Car bomb attack in Benghazi leaves seven dead, 20 wounded

A historic building that was destroyed during a three-year conflict is seen in Benghazi, Libya, on February 28, 2018. A car bomb explodsion on a busy street in the center of Benghazi on Thursday night killed at least seven people. (REUTERS/Esam Omran Al-Fetori/File Photo)
Updated 25 May 2018

Car bomb attack in Benghazi leaves seven dead, 20 wounded

  • The bomb exploded behind the Tibesti hotel, the city’s biggest, overlooking the Mediterranean Sea, on a street where people were taking a stroll after a day of fasting until sunset in the holy Muslim month of Ramadan.
  • Benghazi, Libya’s second-largest city, is controlled by the Libyan National Army (LNA), the dominant force in eastern Libya led by commander Khalifa Haftar.

BENGHAZI: At least seven people were killed and around 20 others injured late Thursday in a car bomb attack in the center of Benghazi in eastern Libya, a local security official told AFP.
The bomb exploded close to the Tibesti hotel on a busy road where many people go to celebrate during the month of Ramadan, the official said, adding that the victims were civilians.
No group has yet claimed responsibility for the attack but the Libyan official blamed the assault on “terrorist sleeper cells who want to send a message that Benghazi is not safe.”
Libya has been rocked by chaos since a 2011 uprising which toppled and killed Muammar Qaddafi, with two rival authorities and multiple militias vying for control of the oil-rich country.
Military strongman Khalifa Haftar in July announced the “total liberation” of Benghazi, three years after his forces launched a military operation to seize the city from militants who had made it a stronghold following the revolution.
But clashes and attacks in the city have continued, including against diplomatic facilities and security forces.
Almost 40 people were killed following a double car bomb attack in front of a mosque in January. In February, another attack left one person dead and nearly 150 wounded, also in front of a mosque Haftar supports a Parliament based in the far east of Libya, while a rival UN-backed unity government in the western capital Tripoli has struggled to assert its authority outside the west of the country.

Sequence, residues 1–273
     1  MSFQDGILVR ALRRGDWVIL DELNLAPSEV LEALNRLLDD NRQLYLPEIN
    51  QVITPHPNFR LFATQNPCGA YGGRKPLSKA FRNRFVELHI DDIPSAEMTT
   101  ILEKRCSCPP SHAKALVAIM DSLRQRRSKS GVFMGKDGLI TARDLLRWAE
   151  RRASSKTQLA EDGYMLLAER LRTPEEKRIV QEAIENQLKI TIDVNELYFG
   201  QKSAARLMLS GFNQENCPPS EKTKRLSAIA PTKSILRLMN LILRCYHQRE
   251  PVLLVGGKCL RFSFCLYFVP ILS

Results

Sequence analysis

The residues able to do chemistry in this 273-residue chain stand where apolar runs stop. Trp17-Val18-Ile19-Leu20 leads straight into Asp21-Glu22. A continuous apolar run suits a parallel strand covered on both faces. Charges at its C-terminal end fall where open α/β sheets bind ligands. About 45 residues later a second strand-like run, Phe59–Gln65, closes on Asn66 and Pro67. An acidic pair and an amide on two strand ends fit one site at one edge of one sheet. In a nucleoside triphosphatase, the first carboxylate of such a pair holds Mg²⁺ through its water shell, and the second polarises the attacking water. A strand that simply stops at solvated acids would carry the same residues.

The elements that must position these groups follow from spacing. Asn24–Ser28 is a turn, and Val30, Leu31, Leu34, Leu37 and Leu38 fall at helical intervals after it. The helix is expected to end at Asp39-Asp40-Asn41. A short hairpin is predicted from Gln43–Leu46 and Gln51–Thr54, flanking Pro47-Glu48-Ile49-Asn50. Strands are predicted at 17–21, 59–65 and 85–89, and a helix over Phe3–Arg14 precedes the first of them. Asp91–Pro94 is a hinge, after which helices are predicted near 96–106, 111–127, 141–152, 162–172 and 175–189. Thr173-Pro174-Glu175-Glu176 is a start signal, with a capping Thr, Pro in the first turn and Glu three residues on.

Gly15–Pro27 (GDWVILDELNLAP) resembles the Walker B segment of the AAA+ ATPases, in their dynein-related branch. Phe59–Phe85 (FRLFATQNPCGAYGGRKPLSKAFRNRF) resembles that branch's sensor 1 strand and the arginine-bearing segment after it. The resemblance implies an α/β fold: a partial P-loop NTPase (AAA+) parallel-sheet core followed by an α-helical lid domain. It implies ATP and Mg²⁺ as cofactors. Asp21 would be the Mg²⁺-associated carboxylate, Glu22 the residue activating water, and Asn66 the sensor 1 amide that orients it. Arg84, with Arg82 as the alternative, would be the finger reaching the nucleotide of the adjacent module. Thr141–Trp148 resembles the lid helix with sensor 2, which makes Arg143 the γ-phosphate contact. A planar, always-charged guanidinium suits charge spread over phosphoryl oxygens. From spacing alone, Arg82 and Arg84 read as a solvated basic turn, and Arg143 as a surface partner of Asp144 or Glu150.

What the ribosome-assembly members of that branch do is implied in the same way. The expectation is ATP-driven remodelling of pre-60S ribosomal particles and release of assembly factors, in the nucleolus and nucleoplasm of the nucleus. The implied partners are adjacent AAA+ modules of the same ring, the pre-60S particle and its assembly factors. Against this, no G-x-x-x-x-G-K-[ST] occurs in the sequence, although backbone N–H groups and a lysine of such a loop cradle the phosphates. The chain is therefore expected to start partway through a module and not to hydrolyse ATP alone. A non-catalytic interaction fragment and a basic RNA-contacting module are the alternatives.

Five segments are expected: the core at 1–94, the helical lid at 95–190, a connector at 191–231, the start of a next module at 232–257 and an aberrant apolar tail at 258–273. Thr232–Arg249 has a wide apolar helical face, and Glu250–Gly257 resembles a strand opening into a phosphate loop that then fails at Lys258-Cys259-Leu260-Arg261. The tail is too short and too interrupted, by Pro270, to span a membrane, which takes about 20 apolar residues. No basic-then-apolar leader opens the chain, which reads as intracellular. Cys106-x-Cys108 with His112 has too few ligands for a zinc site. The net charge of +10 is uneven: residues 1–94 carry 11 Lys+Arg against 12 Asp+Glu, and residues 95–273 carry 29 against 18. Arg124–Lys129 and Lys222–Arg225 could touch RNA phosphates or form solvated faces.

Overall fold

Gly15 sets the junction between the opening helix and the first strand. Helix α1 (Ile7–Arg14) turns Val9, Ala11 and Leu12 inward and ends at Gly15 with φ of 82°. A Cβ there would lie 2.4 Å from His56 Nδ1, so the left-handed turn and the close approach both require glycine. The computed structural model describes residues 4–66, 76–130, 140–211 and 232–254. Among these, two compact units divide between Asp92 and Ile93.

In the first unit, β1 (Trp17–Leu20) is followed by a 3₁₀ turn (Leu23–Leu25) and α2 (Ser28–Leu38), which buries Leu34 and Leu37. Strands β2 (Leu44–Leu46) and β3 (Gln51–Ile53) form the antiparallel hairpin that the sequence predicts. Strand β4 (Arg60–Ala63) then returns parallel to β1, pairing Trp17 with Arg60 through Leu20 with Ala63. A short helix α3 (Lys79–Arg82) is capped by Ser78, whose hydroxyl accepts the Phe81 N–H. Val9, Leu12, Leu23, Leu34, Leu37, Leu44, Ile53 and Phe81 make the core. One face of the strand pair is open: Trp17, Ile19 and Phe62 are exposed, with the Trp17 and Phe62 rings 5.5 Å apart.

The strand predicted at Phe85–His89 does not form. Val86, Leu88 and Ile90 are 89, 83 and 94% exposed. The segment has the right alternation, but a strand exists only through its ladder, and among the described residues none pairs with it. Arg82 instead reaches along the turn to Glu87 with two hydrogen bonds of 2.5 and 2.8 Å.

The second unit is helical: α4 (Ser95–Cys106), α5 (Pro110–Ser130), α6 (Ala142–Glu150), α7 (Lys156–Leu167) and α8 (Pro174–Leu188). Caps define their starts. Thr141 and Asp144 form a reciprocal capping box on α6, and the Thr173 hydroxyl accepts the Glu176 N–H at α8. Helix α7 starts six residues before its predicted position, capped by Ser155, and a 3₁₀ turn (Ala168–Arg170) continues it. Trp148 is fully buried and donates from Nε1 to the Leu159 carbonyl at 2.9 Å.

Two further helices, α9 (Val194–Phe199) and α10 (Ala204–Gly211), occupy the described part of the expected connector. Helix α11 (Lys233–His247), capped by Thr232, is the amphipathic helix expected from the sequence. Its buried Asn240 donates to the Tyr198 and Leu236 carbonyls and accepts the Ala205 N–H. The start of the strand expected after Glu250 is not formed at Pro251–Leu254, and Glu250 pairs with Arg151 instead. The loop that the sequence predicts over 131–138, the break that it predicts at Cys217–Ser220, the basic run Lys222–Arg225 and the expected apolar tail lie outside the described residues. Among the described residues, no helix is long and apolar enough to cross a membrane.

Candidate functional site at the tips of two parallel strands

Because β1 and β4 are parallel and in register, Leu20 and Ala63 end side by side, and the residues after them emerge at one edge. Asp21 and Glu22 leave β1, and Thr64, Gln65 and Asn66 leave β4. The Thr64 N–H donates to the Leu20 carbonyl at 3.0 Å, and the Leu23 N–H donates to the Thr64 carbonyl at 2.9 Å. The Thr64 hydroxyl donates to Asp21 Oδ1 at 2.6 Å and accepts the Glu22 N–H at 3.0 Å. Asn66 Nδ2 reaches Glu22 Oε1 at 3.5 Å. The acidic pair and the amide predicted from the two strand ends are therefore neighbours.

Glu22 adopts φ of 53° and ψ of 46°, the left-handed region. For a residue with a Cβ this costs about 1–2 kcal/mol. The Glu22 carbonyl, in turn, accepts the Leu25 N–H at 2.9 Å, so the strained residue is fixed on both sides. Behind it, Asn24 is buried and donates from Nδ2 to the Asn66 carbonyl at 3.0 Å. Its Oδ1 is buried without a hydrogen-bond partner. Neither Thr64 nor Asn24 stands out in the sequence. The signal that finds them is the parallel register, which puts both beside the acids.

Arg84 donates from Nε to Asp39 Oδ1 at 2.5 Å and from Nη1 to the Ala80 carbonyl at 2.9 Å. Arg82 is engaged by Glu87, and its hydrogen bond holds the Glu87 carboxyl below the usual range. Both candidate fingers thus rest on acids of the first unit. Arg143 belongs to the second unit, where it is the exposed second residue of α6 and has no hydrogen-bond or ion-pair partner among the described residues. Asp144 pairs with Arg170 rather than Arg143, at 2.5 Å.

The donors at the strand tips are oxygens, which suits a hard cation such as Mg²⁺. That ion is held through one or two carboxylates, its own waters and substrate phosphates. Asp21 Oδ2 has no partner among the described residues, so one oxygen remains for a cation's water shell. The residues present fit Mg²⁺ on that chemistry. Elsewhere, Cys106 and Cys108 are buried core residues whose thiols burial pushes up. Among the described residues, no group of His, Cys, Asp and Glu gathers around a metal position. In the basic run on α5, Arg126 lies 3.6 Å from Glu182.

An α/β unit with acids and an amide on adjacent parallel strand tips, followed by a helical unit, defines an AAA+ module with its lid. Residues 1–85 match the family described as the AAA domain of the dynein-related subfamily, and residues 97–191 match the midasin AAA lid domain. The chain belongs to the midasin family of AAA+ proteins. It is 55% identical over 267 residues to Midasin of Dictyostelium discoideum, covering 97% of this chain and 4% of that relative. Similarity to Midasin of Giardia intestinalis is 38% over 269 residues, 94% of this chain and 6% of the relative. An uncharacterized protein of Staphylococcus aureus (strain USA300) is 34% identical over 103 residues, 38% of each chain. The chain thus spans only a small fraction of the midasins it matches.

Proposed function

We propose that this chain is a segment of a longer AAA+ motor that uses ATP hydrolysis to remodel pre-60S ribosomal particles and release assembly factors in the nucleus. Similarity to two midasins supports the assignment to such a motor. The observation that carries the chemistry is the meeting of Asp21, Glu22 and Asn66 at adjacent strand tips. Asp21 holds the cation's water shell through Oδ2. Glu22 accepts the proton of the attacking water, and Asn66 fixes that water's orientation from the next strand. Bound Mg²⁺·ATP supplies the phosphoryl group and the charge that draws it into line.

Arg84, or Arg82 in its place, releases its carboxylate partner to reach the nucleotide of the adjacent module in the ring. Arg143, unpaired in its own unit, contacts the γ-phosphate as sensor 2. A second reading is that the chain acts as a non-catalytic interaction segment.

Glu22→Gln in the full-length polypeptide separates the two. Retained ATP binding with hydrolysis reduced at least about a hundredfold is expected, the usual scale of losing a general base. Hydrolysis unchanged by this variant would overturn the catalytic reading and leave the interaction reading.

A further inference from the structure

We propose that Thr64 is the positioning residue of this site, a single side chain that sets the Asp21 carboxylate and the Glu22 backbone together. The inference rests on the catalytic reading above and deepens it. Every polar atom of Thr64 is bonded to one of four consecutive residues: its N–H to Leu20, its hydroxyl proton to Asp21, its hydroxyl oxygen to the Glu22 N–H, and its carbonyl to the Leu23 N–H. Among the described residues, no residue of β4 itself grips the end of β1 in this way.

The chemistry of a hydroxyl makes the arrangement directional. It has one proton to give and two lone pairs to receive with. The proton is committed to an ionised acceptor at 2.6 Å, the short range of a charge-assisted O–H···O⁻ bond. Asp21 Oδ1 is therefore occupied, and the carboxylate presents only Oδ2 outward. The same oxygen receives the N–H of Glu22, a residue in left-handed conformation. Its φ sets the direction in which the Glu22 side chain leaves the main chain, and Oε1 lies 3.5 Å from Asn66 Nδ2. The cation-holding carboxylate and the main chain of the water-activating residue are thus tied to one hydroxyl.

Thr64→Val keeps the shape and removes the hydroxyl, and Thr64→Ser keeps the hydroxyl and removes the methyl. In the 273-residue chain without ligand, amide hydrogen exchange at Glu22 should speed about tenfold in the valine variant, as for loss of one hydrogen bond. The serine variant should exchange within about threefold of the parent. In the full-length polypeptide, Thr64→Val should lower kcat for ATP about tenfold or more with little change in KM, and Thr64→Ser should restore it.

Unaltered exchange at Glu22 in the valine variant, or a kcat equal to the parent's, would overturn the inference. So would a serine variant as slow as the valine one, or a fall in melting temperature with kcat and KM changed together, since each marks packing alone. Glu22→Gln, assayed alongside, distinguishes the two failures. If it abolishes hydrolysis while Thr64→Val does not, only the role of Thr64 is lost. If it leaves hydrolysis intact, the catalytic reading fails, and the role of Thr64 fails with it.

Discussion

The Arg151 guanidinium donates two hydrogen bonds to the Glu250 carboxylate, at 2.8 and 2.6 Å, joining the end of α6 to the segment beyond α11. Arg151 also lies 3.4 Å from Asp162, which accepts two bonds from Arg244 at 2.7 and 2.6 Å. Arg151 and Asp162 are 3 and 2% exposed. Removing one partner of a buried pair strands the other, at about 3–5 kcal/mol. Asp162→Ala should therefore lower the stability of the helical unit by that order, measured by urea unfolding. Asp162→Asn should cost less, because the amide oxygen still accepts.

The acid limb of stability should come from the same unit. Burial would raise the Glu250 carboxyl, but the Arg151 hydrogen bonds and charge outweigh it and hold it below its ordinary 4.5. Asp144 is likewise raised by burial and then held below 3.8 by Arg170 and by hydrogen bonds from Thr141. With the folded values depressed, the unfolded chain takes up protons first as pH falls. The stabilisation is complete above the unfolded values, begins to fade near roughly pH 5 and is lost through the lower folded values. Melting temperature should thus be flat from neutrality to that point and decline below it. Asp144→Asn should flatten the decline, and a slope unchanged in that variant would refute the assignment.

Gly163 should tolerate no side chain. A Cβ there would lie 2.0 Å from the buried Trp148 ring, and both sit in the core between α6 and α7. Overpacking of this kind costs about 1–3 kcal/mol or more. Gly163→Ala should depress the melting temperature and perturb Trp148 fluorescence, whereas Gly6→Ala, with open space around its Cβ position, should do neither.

Earlier this month Haftar returned to Benghazi after a two-week stint in a Paris hospital to launch a new anti-militant offensive.
Presenting himself as the scourge of militancy, he announced the start of a military campaign to retake the eastern city of Derna from jihadists.
The city is the only part of eastern Libya to remain out of the control of Haftar’s Libyan National Army, which has the backing of Egypt and the United Arab Emirates.
 


Turkey, Russia seal deal for Karabakh ‘peacekeeping center’

Updated 8 min 39 sec ago

Turkey, Russia seal deal for Karabakh ‘peacekeeping center’

  • The deal comes after days of talks between Turkish and Russian officials about how the two regional powers would jointly implement a Moscow-brokered cease-fire
  • Technical details for setting up the joint center were concluded and an agreement was signed

ANKARA: Turkey and Russia have agreed to monitor a truce over the disputed Nagorno-Karabakh region from a joint peacekeeping center, Ankara’s defense ministry said on Tuesday.
The deal comes after days of talks between Turkish and Russian officials about how the two regional powers would jointly implement a Moscow-brokered cease-fire signed this month between Armenia and Azerbaijan.
Technical details for setting up the joint center were concluded and an agreement was signed, the defense ministry said in a statement, adding that it would begin work “as soon as possible.”
Turkey is a staunch ally of Azerbaijan and has fervently defended its right to take back the Nagorno-Karabakh lands Baku lost to ethnic Armenian separatists in a 1988-94 war.
The truce deal ended more than six weeks of fighting that claimed more than 1,400 lives and saw ethnic Armenians agree to withdraw from large parts of the contested region of Azerbaijan.
The Turkish parliament voted this month to deploy a mission to “establish a joint center with Russia and to carry out the center’s activities.”
The deployment is set to last a year and its size will be determined by President Recep Tayyip Erdogan.
Russia has said repeatedly that Turkey will have no troops on the ground under the truce deal’s terms.